any remedies for the (modern) Muslim condition.  Zawahiri reduces Dr. Fadl's

ideological attacks to six choices, all of which are unacceptable to the al-Qaida

deputy, they are: (1) Migration; (2) Isolation; (3) Forgiveness; (4) Capitulation;

(5) Patience; and (6) Remaining silent to injustice.  Zawahiri says that his

mentor does not take into account the fatwas (religious opinions) of Shawkani

(d. 1834) and Ghazali (d. 1111) one cleric focuses on the importance of jihad as

fighting and not striving, the later cleric focuses on the idea of what constitutes

an Islamic state, and Ghazali finds his answer using pre-Islamic Persian sources

merging kingship and religion.  Zawahiri just mentions the names of these clerics

despite both these scholars have written volumes of works, so one has to assume

what fragments of both these scholars Zawahiri is referring to in criticizing Dr.


Ideological Schisms on Who and When to Conduct Offensive Jihad?

Zawahiri levels his own confusion of the requirement for parental permission

to undertake jihad (as fighting), and does not (likely on purpose) engage in debate

on the nuance between jihad as a fard kifaya (limited obligation) versus

fard ayn (collective obligation).  He focuses on Dr. Fadl heaping criticism

on the mujahideen fighters and not against the west that he consistently

refers to as "crusaders" and what they have done from the caucuses to Spain.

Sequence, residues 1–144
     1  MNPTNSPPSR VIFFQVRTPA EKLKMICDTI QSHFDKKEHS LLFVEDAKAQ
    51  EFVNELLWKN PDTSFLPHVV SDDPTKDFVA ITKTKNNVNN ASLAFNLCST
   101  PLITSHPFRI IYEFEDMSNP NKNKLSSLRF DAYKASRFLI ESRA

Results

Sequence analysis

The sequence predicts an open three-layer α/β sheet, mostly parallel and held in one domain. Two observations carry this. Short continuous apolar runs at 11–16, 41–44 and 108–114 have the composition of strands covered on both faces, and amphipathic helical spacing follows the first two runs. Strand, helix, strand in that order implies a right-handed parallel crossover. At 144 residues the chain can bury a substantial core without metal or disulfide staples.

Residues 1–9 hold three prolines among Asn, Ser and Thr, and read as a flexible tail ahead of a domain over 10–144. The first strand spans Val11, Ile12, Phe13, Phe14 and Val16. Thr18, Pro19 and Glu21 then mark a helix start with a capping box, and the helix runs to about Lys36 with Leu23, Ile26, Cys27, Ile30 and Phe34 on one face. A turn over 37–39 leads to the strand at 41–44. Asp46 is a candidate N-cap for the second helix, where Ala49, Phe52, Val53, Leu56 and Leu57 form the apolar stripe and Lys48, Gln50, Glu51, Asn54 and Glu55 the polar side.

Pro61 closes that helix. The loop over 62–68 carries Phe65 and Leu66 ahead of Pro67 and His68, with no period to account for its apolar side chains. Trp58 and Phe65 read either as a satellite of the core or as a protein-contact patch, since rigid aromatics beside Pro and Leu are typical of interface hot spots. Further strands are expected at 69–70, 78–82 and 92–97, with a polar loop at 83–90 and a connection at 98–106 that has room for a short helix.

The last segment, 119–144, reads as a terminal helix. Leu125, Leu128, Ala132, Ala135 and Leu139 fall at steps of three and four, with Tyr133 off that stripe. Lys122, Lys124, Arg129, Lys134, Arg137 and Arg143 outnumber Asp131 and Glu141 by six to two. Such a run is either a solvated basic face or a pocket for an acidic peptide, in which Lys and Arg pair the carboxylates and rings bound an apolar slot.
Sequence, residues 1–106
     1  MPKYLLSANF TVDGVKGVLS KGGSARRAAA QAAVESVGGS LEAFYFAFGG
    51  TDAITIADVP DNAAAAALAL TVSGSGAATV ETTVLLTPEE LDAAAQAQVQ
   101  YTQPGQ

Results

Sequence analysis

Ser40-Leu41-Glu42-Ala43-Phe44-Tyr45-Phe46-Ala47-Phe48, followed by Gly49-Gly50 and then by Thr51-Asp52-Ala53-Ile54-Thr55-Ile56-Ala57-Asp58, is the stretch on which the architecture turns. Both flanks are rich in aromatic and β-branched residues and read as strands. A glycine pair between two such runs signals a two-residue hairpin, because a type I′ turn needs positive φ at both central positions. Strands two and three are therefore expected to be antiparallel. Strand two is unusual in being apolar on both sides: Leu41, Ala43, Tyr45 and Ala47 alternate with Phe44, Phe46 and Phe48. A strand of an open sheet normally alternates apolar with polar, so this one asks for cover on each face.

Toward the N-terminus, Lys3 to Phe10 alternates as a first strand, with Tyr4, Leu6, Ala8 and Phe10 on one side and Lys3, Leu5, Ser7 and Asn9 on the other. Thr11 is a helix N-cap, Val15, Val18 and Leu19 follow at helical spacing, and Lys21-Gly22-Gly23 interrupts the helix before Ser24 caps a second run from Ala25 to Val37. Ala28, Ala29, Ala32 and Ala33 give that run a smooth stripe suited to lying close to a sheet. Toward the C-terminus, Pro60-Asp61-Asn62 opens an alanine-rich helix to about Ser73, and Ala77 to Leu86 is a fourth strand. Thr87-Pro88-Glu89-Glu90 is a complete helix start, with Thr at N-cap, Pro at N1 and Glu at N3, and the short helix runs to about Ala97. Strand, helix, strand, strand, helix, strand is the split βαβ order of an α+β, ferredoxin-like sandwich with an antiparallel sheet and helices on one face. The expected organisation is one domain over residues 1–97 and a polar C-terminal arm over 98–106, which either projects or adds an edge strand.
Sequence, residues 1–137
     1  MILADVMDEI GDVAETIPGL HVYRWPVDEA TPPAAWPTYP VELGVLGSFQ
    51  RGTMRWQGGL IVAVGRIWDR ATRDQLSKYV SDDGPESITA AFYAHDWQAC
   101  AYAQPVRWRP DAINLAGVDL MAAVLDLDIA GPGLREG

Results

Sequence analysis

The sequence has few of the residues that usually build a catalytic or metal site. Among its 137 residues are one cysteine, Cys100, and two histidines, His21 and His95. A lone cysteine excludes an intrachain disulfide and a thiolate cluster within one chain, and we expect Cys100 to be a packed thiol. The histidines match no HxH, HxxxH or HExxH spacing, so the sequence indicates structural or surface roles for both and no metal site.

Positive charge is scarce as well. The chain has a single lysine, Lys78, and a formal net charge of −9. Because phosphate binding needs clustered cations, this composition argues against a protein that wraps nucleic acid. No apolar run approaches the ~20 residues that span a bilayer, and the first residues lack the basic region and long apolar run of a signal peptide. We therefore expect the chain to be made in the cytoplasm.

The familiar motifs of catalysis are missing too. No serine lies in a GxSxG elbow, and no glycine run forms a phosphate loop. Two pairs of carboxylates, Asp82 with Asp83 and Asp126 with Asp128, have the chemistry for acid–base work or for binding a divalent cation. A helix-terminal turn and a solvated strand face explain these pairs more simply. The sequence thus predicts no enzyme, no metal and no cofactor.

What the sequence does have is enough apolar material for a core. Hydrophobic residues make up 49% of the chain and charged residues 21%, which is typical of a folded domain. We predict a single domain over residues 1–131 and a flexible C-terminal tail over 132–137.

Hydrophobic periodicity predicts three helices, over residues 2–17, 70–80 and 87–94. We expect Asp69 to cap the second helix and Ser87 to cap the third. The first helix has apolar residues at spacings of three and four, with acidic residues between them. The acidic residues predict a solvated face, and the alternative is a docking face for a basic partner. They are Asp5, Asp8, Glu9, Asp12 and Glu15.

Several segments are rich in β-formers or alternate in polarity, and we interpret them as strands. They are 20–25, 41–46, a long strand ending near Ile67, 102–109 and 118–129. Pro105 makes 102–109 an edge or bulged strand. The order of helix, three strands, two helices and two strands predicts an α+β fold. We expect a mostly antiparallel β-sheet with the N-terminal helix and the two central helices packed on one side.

There are much ideological, psychological, and social insecurities embedded in Zawahiri's

responses to Dr. Fadl that needs to be highlighted and commented on.  What

he chooses to highlight is as significant as what he chooses to ignore, and it weaves

an Islamic narrative that is purely Zawahiri's of which he has delusions of grandeur

that more and more Muslims would take seriously.  

Egyptian Intelligentsia Attacks al-Qaida

The author then assesses the work of Dr. Muneer Goma'a who advocates that Dr.

Fadl although critical of Zawahiri, has not renounced a key concept in militant

Islamist ideology, that of takfir or declaring fellow Muslims apostate. 

Goma'a, who is influential among Islamic scholars in Egypt, has called on al-Azhar

Rectory, the most organized body in Sunni Islam, to issue commentary marginalizing

and Islamically refuting both Zawahiri and Dr. Fadl.  Goma'a makes an interesting

argument that Islamists like the Muslim Brotherhood, and militant Islamists like

al-Qaida confuses muwatanah (citizenship and civic duty) with ilmaniyah

(secularism) and that shariah (Islamic law) upholds the highest ideals of

citizenship, such as the protection of non-Muslims in Muslim lands.  He also